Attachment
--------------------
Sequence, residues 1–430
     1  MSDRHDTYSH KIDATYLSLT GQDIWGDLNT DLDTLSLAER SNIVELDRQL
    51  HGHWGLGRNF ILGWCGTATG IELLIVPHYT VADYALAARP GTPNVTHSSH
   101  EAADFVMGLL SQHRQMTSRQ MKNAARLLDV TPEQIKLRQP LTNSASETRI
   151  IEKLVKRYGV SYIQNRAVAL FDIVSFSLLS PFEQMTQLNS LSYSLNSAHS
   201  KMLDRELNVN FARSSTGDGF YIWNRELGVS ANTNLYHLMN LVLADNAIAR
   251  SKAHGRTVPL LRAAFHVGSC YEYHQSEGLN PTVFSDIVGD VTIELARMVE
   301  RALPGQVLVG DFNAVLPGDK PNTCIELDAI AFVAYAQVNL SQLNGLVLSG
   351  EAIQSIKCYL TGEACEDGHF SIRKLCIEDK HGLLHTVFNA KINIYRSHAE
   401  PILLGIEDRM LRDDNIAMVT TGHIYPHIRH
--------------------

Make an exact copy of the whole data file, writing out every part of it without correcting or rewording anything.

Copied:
Sequence, residues 1–430
     1  MSDRHDTYSH KIDATYLSLT GQDIWGDLNT DLDTLSLAER SNIVELDRQL
    51  HGHWGLGRNF ILGWCGTATG IELLIVPHYT VADYALAARP GTPNVTHSSH
   101  EAADFVMGLL SQHRQMTSRQ MKNAARLLDV TPEQIKLRQP LTNSASETRI
   151  IEKLVKRYGV SYIQNRAVAL FDIVSFSLLS PFEQMTQLNS LSYSLNSAHS
   201  KMLDRELNVN FARSSTGDGF YIWNRELGVS ANTNLYHLMN LVLADNAIAR
   251  SKAHGRTVPL LRAAFHVGSC YEYHQSEGLN PTVFSDIVGD VTIELARMVE
   301  RALPGQVLVG DFNAVLPGDK PNTCIELDAI AFVAYAQVNL SQLNGLVLSG
   351  EAIQSIKCYL TGEACEDGHF SIRKLCIEDK HGLLHTVFNA KINIYRSHAE
   401  PILLGIEDRM LRDDNIAMVT TGHIYPHIRH